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VERIFICATION OF THE LINEAR MATCHING METHOD FOR LIMIT AND

SHAKEDOWN ANALYSIS BY COMPARISON WITH EXPERIMENTS

James Ure University of Strathclyde Glasgow, UK, G1 1XJ

james.ure@strath.ac.uk

Haofeng Chen 1

University of Strathclyde Glasgow, UK, G1 1XJ

haofeng.chen@strath.ac.uk

David Tipping EDF Energy, Barnwood,

Gloucester, UK, GL4 3RS david.tipping@edf-energy.com

1 Corresponding author

ABSTRACT The Linear Matching Method (LMM), a direct numerical method for determining shakedown and

ratchet limits of components, has seen significant development in recent years. Previous verifications of

these developments against cyclic nonlinear finite element analysis have shown favourable results, and now

this verification process is being extended to include comparisons with experimental results.

This paper presents a comparison of LMM analysis with experimental tests for limit loads and

shakedown limits available in the literature. The limit load and shakedown limits were determined for pipe

intersections and nozzle-sphere intersections respectively, thus testing the accuracy of the LMM when

analysing real plant components. Details of the component geometries, materials and test procedures used

in the experiments are given. Following this a description of the LMM analysis is given which includes a

description of how these features have been interpreted for numerical analysis. A comparison of the results

shows that the LMM is capable of predicting accurate yet conservative limit loads and shakedown limits.

NOMENCLATURE E Elastic Modulus

σ Stress

σy Yield Stress

ε Strain

FEA Finite Element Analysis

LMM Linear Matching Method i Current Increment

i+1 Subsequent Increment

1. INTRODUCTION Demonstration of shakedown is an integral part of the design and assessment of pressurised

components. Several options exist to demonstrate this including the simplified routes based on elastic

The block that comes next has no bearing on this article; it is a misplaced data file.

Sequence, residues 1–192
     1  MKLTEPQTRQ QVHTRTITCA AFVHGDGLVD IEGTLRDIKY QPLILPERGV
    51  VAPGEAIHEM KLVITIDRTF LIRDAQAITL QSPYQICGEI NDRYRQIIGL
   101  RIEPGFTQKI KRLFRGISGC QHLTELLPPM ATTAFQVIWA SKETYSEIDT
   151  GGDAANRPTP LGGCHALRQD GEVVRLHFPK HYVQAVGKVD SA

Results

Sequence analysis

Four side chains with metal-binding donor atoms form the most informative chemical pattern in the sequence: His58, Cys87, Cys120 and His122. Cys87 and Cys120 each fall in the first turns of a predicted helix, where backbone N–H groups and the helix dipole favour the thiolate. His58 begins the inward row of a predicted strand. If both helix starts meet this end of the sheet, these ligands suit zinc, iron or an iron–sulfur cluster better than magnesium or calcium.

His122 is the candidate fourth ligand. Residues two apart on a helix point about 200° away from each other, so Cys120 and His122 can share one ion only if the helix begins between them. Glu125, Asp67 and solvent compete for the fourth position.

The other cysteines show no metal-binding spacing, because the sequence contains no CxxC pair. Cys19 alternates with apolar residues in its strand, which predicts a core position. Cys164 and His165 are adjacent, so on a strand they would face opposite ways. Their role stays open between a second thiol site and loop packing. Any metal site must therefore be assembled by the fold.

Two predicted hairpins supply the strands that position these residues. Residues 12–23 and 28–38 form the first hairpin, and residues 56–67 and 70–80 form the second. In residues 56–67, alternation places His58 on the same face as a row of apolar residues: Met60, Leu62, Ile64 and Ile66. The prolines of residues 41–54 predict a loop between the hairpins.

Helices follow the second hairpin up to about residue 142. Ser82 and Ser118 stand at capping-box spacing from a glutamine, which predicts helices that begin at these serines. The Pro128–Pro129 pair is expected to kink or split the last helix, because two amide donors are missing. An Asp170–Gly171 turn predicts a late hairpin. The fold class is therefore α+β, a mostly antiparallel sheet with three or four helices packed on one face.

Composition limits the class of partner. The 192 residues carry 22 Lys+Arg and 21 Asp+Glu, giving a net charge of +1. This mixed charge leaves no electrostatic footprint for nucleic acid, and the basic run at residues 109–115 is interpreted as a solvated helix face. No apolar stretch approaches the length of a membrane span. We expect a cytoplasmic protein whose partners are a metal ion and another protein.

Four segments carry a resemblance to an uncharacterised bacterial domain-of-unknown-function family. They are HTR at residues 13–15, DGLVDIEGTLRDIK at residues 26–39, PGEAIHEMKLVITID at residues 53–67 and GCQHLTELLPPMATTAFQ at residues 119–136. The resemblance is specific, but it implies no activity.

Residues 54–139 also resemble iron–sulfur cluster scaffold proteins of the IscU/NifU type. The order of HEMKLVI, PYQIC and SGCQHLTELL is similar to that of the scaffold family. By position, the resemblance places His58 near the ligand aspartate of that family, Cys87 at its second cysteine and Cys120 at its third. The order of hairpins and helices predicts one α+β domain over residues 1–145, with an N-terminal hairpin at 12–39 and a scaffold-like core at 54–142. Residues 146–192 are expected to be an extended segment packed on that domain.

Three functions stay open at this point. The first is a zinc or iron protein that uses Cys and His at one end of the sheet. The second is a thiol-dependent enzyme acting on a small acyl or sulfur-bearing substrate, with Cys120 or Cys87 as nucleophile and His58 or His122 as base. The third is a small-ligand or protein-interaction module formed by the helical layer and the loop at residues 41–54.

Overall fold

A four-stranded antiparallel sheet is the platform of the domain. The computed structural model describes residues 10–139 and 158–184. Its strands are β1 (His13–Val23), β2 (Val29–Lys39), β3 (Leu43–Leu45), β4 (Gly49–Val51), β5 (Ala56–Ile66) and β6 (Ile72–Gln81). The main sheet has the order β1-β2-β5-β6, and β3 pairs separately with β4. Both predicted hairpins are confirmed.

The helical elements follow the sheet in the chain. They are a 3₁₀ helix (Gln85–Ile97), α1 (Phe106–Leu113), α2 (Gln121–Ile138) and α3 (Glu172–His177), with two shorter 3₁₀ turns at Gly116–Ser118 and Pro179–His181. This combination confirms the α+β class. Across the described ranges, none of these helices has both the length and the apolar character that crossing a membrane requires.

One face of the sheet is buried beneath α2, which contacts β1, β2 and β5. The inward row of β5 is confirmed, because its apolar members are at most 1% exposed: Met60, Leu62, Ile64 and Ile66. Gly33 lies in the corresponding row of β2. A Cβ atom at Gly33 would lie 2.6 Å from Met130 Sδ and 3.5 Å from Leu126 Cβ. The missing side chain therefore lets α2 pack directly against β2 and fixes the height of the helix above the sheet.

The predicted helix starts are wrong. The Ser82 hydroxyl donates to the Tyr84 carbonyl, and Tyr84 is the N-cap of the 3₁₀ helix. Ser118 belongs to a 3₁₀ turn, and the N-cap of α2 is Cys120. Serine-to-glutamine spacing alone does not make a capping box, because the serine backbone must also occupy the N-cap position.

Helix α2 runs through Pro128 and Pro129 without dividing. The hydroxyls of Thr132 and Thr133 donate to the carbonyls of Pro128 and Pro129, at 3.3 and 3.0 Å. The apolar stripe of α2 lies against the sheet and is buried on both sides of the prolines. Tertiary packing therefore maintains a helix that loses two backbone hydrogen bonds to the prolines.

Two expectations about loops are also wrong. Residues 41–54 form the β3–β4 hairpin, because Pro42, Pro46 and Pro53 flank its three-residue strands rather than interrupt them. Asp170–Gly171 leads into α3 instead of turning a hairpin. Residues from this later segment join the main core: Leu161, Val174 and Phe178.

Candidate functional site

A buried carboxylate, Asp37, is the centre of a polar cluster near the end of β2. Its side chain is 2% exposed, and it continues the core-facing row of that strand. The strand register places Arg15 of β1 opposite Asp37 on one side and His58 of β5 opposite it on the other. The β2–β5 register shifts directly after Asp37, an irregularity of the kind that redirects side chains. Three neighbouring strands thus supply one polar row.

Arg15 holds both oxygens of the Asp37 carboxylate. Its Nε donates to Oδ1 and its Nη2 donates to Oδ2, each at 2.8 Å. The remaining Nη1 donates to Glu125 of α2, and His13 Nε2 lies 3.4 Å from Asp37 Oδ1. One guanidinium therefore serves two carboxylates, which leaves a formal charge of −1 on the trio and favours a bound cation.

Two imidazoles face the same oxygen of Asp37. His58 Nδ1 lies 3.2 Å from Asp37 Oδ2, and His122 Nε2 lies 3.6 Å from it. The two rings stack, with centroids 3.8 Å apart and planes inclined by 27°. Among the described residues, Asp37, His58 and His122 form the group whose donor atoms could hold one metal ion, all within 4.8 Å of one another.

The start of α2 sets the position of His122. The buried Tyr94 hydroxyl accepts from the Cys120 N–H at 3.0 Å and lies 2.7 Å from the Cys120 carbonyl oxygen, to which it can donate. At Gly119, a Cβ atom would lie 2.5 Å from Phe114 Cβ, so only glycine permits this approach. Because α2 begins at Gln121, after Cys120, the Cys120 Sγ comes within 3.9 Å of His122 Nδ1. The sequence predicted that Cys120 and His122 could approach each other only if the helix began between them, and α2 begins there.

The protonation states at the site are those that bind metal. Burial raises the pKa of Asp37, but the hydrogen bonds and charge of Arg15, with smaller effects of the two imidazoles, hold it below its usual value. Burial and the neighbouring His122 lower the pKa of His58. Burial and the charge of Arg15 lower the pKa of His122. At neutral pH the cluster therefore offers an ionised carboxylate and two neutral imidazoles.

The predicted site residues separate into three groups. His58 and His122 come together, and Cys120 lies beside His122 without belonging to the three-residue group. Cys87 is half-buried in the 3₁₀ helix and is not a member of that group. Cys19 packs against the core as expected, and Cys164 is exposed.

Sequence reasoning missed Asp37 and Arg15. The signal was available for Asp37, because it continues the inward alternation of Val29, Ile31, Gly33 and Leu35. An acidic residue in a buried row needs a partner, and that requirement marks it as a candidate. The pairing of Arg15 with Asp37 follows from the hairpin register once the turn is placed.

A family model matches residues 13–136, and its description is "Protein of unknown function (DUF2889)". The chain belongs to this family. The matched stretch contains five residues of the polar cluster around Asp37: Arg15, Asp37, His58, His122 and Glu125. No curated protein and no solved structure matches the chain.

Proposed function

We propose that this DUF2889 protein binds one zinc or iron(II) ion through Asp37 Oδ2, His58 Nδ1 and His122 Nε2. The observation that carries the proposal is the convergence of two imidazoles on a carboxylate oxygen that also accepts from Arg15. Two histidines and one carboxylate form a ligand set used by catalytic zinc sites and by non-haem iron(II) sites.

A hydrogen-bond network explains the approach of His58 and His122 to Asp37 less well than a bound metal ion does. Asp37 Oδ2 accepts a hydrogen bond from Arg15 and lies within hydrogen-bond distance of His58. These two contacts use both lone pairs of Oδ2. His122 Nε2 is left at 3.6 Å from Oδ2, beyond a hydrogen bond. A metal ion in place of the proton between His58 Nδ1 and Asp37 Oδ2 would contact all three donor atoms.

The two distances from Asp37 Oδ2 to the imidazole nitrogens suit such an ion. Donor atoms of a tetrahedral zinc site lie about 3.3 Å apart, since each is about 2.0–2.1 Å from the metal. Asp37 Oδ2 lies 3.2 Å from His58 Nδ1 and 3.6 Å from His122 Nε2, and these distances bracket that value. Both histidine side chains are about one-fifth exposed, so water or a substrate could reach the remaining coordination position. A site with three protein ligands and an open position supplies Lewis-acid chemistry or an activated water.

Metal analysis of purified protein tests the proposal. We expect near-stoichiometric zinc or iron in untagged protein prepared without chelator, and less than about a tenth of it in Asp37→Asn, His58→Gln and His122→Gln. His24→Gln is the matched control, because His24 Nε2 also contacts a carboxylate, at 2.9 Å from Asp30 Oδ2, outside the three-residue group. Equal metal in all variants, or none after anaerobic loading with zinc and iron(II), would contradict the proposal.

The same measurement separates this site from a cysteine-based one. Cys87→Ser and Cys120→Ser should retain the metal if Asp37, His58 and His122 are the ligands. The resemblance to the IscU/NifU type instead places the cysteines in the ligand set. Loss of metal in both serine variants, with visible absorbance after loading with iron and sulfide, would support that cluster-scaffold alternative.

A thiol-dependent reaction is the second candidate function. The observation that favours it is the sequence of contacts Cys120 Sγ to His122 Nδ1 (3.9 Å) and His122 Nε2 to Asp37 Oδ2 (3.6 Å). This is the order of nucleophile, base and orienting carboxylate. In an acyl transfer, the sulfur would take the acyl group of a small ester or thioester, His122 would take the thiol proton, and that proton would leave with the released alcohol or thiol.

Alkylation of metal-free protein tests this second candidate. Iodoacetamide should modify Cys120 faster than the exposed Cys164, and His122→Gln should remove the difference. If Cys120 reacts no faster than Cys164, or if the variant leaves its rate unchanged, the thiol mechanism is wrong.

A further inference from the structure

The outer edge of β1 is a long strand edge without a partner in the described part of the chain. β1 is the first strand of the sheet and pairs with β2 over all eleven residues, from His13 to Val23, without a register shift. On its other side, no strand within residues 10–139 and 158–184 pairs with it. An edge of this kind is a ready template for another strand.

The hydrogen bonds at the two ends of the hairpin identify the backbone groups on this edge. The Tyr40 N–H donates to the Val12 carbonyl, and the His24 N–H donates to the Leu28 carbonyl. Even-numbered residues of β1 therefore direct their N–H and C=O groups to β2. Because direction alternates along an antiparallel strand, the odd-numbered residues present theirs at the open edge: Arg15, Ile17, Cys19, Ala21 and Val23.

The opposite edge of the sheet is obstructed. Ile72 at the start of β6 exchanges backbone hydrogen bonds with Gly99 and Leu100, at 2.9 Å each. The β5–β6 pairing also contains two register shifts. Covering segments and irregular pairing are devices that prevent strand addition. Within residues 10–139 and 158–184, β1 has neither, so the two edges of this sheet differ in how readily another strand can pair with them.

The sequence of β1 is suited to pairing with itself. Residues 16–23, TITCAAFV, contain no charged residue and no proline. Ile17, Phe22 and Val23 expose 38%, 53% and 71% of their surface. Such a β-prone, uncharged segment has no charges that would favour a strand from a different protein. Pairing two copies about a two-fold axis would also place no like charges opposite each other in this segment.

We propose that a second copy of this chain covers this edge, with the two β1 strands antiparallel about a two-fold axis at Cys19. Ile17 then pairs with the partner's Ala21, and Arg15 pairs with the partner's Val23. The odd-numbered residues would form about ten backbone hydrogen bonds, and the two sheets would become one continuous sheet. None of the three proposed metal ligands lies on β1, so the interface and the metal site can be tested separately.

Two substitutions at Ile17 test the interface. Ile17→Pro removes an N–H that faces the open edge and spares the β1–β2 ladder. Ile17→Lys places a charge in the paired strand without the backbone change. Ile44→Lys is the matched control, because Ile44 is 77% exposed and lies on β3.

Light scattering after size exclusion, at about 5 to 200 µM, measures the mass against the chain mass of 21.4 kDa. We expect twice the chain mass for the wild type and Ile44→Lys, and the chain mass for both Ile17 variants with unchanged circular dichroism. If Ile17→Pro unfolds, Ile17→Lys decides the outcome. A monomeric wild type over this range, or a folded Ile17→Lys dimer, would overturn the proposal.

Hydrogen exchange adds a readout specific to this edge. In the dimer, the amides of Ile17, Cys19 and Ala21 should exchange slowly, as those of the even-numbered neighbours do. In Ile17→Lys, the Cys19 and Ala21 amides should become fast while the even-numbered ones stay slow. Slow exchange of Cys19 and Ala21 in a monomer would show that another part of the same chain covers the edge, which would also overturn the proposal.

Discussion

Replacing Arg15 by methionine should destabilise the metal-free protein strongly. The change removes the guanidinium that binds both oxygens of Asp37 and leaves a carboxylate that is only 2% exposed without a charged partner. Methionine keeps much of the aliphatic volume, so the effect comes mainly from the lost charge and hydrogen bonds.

analyses, such as that in [1], and full cyclic non-linear Finite Element Analysis (FEA). The development of

Direct Methods, based on the shakedown bounding theorems [2,3], has provided a third option to

demonstrate shakedown. Included among these Direct Methods is the Linear Matching Method (LMM) [4-

6].

These Direct Methods are becoming an increasingly popular method of demonstrating shakedown.

There are many cases where the conventional simplified approach gives results which are overly

conservative. The use of full non-linear FEA is not only computationally expensive but can also give

ambiguous results in terms of the shakedown status of the component. The LMM provides solutions to these

problems. Firstly, in the case of conservatism of results, both lower and upper bounds to the exact

shakedown limit are provided and consistently converge to within a very small tolerance of each other [7].

The LMM also provides these solutions with less computational expense than a full non-linear solution, and

the bounding theorem foundations mean that the basis for this solution is more concrete than the judgement

and estimations often required with the full non-linear option. For these reasons, the LMM has been

incorporated into the R5 high temperature research program of EDF Energy, with a view to including it

within the R5 structural integrity assessment procedure [1].

2

The LMM has been validated against full non-linear FEA on many occasions, and favourable results

have been seen with all of these comparisons (in [7] for example). These comparisons are needed to verify

that the method has been implemented correctly within the finite element framework. However, it is also

important to verify the entire analysis tool. This includes assumptions and simplifications which are external

to the FEA implementation, such as the use of simplified material models. To achieve this, comparisons

against experiments are required.

This paper presents the comparison of experimentally determined limit loads [8] and shakedown limits

[9] with those predicted by the LMM. The experiments were performed on pipe intersections and nozzle-

sphere intersections respectively, thus reproducing realistic geometries used in plant systems. After giving a

brief introduction to the LMM, this paper describes limit load and shakedown limit tests alongside the

strategy used to analyse these using the LMM. A comparison of the experimentally and numerically derived